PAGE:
Launched in October 1948 to a startled audience, the LE (Little Engine) – largely designed by Charles Udall and developed into production by Eugene Goodman – had a water-cooled shaft drive three-speed hand-start 149cc side-valve transverse flat twin engine installed in a pressed steel chassis with full suspension. Standard trim included foot boards, legshields, glove box, panniers and readily adjustable rear suspension – in effect a motorcycle aimed at hitherto non-motorcyclists.
Unfortunately, Joe Public is fickle and sales were slower than hoped. However, the LE was later to attract the attentions of service users, most notably the police.
Although the 149cc LE wasn’t the sales success envisaged/hoped for by the Goodman family, it did sell modestly well. But it had one major problem – it lacked power. This led to the 192cc LE MkII, unveiled in November 1950. This model with modifications to the 149’s gear ratios and other details, remained in production in three-speed form until 1958. All water-cooled 192cc Velocette flat twin engines had one Achilles heel – an appetite (albeit modest) for cylinder head gaskets as the size increase was reached by over-boring the 149cc model from 44 to 50mm, therefore reducing cylinder/head mating surfaces. All experienced LE riders carry cylinder head gaskets and a bottle of water as changes can be performed quickly at the roadside.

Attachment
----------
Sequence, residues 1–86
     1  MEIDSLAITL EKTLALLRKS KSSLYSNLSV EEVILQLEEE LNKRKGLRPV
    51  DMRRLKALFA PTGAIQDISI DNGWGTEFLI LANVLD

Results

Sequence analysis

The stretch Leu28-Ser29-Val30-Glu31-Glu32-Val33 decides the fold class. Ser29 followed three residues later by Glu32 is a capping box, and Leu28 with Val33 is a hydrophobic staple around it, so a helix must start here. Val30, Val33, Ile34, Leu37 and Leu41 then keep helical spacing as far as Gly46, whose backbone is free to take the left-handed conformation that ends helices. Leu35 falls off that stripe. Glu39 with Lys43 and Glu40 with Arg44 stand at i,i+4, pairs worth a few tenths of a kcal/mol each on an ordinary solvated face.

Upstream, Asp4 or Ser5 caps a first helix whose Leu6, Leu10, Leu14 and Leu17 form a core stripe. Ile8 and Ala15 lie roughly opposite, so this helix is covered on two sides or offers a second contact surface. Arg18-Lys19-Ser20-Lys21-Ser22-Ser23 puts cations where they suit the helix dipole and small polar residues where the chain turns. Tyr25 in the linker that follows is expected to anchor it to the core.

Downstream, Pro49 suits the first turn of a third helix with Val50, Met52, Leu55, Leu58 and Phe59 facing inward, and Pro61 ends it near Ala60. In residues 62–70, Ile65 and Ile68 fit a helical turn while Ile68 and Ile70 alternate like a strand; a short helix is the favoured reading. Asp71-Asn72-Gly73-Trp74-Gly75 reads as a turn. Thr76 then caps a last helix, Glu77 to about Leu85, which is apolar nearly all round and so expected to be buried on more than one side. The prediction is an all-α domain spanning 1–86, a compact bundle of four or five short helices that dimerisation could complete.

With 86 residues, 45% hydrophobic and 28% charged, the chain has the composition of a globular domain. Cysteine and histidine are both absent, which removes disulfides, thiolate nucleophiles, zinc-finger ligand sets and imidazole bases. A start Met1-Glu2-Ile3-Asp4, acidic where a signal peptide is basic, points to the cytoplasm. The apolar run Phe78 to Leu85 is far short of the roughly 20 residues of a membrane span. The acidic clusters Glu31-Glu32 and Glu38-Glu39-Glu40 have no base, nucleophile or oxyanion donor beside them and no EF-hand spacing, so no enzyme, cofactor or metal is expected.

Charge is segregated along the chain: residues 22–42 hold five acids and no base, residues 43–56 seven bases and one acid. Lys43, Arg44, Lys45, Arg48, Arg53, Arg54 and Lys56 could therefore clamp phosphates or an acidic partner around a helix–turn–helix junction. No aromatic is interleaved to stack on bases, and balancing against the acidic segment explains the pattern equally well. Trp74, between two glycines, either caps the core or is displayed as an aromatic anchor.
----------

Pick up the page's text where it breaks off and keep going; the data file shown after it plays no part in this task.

Velocette dropped the remaining pre-WWII design, the rigid 350cc MAC, in late 1952 for a swinging arm version with essentially the same engine unveiled at the 1952 London Show. A few examples of the rigid version were supplied to the American market until 1954 and the swinging arm MAC remained until 1960. A year later came true joy for Velocette fans with the launch of the 499cc MSS, with swinging arm suspension and all square engine dimensions 86x86mm. With updates, it remained listed until the factory closed in February 1971.
From planning a one model range, Velocette suddenly got the bit between their teeth in the Fifties, leading to much development work and a succession of models: 500 (499cc) Scrambler based on the MSS engine 1954-69 (UK to 1963), 499cc Venom Endurance 1955-69 (UK to 1963), 350 (349, 72 x 86mm) Scrambler 1956-69 (special order only from 1965). Also in 1956 came the air-cooled ohv transverse flat-twin Valiant, which used a tubular frame. The 70mph twin stayed until 1963 with a Veeline version running 1958-60.